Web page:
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Writing

I first came to theatre through writing, as part of my high school's inaugural "Page to Stage" program. In the summer of 2003, a group of students adapted and staged "Romeo and Juliet" set in Northern Ireland. That experience taught me how joyful it can be to tell a story.

I view every writing project as a chance to learn, to live in a different moment or place. So, I enjoy working across genres and styles, from Absurdism to political satire to horror. 

"There's so much packed into this piece. This one is going to linger in your soul a while.

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"A deliciously satisfying piece of psychological horror; its script's turns and the play's production value are tailor-made for a blood-curdling Halloween experience.

"[It}doesn't derive its terror from running blood, or easy jump-scares. Instead it creeps in and envelops like fog, puts the nerves on edge, and steadily fans our deepest fears.

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plays

Play titles below link to scripts on New Play Exchange.

The true story of a sports talk radio enthusiast and stats whiz. As his relationship with Boston's favorite show blossoms, his struggle with a vicious eating disorder intensifies.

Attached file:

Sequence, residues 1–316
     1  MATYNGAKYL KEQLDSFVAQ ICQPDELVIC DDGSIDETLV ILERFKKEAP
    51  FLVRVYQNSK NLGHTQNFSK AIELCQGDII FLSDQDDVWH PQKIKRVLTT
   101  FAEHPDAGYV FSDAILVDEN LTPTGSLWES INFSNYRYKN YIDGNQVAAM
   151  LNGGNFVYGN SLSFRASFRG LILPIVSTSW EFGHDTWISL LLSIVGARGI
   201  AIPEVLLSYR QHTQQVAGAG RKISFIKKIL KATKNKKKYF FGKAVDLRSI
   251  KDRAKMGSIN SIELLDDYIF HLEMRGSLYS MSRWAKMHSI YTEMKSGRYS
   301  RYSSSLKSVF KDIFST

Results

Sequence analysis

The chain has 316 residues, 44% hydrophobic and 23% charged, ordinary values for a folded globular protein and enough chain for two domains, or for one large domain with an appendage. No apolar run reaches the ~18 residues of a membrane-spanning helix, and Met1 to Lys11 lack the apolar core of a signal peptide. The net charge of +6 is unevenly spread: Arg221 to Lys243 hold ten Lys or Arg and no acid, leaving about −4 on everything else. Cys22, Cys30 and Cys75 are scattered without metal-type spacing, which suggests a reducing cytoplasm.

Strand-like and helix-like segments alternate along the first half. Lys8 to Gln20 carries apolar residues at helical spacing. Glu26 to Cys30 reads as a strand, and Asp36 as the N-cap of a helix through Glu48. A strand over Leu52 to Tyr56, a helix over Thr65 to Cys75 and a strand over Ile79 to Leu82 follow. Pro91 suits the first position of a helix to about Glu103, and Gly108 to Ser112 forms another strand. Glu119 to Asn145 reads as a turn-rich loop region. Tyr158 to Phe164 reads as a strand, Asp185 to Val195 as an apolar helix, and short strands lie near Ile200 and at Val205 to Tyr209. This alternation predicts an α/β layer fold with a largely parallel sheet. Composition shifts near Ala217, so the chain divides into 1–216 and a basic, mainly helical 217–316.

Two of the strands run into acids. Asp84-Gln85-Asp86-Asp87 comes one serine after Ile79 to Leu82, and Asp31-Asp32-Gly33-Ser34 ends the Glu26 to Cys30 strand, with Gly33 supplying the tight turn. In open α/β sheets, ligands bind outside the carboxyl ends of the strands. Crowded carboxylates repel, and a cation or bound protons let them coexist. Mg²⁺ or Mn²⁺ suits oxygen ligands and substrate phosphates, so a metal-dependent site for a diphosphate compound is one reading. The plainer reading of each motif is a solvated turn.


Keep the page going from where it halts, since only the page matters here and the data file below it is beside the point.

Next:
"Stat Geek" won first place at the 2021 Powerstories Voices of Truth Festival, where it premiered. 

A new, nightmarish adaptation for a small ensemble. This version focuses on horror, the gothic sublime, and Victor's shattered psyche. "A deliciously satisfying piece of psychological horror."

Co-written with Brian Paul, Moonmates is full-length comedy about two bumbling stewards of a for-profit lunar installation. When their decrepit space station goes on the fritz, they struggle to keep from exploding.

The tale of two fools stuck indoors during an apocalyptic blizzard. As the snow piles higher and higher and body parts fall off, they are forced to confront their greatest fears. Written in the tradition of the Theatre of the Absurd.

When an exploding puddle appears in a Kansas parking lot, an unstoppable chain of events is set in motion. This cycle play features eight two-character scenes. Each scene moves closer to the top of the U.S. social food chain, examining your favorite All-American problems along the way. Oh, and it's narrated by a mystical cowboy bard.

A 10-minute play. Two pharmaceutical test subjects meet at a drug trial where the needles are very big.

A 10-minute play. On the night of his brother's funeral, John Keats challenges his friend Leigh Hunt to a drunken sonnet writing competition. The subject: crickets. Based on a true story.

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